Nowadays, one also have to keep in mind that the embargo is more cosmetic that anything else. It has been weakened substantially during the past US administrations and there are only two measures in place: Cuban govt has to pay in cash, and Americans are restricted to travel (directly) to the island.

From a Libertarian point of view, I agree that no government should restrict the free movement of its citizens. But also, from real life experience, I can tell you Americans traveling there will not bring substancial change either; unless they have supernatural powers I haven't seen yet ;)

Cuba has been receiving tourists from all over the world (not only Canadians) for years. Sadly, the biggest majority of them are only interested in the PR-ready Cuba, where they can get drunk and have sex with cheap underage young men and woman, then post their videos/pics online and pretend they are bringing democracy to the island, one mojito at a time...that is.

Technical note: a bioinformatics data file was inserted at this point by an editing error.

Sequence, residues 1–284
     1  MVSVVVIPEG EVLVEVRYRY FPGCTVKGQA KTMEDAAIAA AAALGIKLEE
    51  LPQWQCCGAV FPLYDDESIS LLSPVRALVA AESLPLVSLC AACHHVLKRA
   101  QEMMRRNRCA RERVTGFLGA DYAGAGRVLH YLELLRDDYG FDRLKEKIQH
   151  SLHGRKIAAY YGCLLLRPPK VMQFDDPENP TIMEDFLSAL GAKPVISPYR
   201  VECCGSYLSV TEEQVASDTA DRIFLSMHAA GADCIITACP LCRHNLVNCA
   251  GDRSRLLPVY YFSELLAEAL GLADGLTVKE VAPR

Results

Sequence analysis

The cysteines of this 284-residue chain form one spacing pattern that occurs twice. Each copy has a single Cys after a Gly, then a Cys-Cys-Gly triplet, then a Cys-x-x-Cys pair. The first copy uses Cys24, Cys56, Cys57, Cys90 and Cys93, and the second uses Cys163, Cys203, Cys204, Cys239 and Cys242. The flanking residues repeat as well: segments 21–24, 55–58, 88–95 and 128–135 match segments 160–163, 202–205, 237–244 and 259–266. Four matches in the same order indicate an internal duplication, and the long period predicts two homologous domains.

From the American taxpayer's point of view (because that is what I am now, an American that works her back off and pay her fair -an unfair--share of taxes), extending credit to a communist government that has one of the worst credit/payment records in the world, according to recent stats from the Paris Club, I think that is a terrible mistake.

Who can guarantee me that castro's debts are not gonna be paid by my hard-earned money in the next bailouts craze, when the next US administration happily decides to use the Constitution as their deluxe toilet paper?

Errr...thanks, but no thanks.

Will lifting the embargo bring change and democracy to Cuba?
IMHO, I highly doubt so... Cuba's mess can only be solved by Cubans themselves.

Had the US government been really interested in helping, it would have done it years ago, by simply don't betraying Bay of Pigs. That was the moment. If it didn't happen back then, it won't happen now.

But... where is the hope?! Can something be done now?! --you may ask...

Yes, of course. I think in the this moment, the US can make the difference by supporting that incipient dissident and civil movement that has been growing in the island in the past 10 years, with all those independent bloggers, journalists and peaceful dissidents battling inside the monster and needing basic technology to weaken censorship and repression from within.